When I say something like this in real life, I usually get shouted at, but here goes: I honestly think women are just more easily disgruntled than men are. I don't know why it is, though. American women in particular seem to feel sort of put upon all the time (I am an American woman, btw). Even though men and women now share about equal free time, women seem to feel increasingly rushed and harried and as if they carry the world on their shoulders. Anecdotally, I could do a quick Google and find hundreds of blog posts written by women complaining about how their husbands just sit around watching TV all the time, even though research indicates that women watch just about as much. I've also read recently that the happiness of American women is decreasing even as we have what we supposedly wanted.

So why should any of this be? Why should women be more prone to dissatisfaction? I don't know, but I do think it is so, from the evidence I've seen and from my personal experience. I'm a woman, but I'm actually pretty happy and satisfied with life and fully able to admit that my husband does his fair share around the house, and being with my kids is really a positive thing for me. So, I guess I buck the trend.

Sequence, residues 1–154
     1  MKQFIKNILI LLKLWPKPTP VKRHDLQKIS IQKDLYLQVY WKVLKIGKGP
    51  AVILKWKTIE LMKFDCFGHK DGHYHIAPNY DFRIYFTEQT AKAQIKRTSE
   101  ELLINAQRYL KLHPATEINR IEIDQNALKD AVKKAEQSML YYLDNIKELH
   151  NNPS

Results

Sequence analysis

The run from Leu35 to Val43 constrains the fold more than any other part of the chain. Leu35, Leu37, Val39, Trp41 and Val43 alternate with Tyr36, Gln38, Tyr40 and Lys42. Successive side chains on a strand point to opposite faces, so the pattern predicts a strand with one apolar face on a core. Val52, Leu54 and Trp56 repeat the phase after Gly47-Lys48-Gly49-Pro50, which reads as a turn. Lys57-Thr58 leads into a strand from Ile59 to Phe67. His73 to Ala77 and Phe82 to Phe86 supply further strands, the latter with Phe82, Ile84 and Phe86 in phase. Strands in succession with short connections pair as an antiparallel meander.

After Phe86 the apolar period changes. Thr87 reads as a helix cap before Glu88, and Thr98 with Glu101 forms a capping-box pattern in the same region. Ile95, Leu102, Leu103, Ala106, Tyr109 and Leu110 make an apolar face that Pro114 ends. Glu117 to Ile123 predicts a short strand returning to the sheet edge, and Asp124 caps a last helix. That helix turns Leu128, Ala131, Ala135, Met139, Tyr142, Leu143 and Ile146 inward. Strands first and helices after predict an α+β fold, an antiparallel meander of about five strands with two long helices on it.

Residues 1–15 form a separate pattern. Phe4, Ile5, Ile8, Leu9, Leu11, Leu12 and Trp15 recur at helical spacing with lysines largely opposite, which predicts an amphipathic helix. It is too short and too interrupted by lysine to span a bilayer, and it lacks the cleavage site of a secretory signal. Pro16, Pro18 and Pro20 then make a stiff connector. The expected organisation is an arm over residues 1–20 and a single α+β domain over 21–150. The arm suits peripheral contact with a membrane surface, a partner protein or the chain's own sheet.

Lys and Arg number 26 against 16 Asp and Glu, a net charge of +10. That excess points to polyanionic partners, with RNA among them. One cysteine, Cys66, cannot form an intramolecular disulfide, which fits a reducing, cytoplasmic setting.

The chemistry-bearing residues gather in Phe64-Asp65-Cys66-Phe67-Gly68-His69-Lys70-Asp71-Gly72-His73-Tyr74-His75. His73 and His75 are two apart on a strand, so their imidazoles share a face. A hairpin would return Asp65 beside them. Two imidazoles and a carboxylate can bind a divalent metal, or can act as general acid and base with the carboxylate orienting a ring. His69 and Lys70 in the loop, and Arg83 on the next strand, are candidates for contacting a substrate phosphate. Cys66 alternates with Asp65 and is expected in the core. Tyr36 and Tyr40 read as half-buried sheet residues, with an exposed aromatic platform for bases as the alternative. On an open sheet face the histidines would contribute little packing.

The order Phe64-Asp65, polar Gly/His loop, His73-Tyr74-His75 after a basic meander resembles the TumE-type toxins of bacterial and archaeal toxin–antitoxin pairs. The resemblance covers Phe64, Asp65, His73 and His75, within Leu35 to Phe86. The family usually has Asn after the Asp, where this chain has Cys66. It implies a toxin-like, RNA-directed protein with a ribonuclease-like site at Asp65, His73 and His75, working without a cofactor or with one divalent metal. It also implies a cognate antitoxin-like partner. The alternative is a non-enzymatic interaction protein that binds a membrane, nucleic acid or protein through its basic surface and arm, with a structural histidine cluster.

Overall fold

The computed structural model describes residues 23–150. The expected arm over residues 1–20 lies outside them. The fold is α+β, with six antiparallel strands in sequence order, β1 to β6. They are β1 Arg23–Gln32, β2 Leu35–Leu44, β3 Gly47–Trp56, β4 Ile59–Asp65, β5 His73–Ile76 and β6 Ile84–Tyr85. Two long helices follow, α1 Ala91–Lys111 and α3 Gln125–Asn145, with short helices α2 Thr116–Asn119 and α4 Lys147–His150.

I do think you're right, though, that it always has to be written such that women are the good. Women are giving and caring, and if we had a female president there would totally be no more war. They never take any "me" time so busy are they with caring for others. It's the narrative of our time.

John Althouse Cohen said...

I do think you're right, though, that it always has to be written such that women are the good. Women are giving and caring, and if we had a female president there would totally be no more war. They never take any "me" time so busy are they with caring for others. It's the narrative of our time.

I agree, and I also wonder: isn't it a bit insulting to women to suggest that they need to have this glowing, condescending spin put on everything they do? It also marks the person doing this analysis as untrustworthy, since they're able to use any evidence to support their predetermined view of things. When I say that the data could have been diametrically opposite and the assessment of women still would have been glowing, while the assessment of men still would have been critical, my problem with this isn't just with the sheer gender bias but with the blatant unreliability of the person drawing these conclusions.